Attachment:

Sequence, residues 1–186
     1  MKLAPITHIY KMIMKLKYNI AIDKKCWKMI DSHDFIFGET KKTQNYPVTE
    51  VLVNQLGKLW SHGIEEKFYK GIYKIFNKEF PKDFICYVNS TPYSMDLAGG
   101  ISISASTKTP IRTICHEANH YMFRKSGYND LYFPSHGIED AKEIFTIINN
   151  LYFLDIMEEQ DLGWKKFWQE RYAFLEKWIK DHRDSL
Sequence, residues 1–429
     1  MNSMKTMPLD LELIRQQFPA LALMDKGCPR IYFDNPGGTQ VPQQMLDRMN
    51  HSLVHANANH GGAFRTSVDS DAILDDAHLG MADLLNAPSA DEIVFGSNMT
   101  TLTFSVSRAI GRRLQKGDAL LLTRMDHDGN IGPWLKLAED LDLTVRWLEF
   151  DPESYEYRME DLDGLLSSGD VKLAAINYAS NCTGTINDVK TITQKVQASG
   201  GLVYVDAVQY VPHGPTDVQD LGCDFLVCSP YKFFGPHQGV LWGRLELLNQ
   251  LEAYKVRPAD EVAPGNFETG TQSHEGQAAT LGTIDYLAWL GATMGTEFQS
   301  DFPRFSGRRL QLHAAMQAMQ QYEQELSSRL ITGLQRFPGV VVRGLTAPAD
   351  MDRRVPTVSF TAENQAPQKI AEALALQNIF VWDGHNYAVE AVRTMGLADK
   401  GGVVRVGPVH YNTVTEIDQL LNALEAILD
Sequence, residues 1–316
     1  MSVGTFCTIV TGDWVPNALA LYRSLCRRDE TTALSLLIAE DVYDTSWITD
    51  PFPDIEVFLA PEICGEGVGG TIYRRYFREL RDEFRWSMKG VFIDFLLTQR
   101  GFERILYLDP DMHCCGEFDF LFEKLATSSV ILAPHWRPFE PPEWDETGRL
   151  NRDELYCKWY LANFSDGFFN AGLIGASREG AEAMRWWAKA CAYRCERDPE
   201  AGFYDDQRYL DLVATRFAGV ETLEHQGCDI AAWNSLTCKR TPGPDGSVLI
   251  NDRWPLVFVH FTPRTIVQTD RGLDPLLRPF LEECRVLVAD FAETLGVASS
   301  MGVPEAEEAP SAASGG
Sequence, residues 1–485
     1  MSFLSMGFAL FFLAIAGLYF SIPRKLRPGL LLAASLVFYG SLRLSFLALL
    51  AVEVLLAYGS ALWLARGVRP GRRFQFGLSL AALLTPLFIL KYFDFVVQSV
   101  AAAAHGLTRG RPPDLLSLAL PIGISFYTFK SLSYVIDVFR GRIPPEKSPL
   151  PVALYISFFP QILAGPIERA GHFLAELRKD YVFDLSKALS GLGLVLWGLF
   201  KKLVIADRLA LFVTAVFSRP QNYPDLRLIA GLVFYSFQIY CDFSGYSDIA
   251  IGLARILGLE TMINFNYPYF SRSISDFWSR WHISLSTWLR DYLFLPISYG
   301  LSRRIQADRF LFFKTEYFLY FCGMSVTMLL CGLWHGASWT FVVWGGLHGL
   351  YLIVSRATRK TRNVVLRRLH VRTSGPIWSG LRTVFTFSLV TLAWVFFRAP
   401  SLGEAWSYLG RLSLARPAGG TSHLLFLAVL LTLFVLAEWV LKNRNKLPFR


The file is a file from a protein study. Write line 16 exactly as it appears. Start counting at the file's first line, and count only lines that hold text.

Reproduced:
Sequence, residues 1–316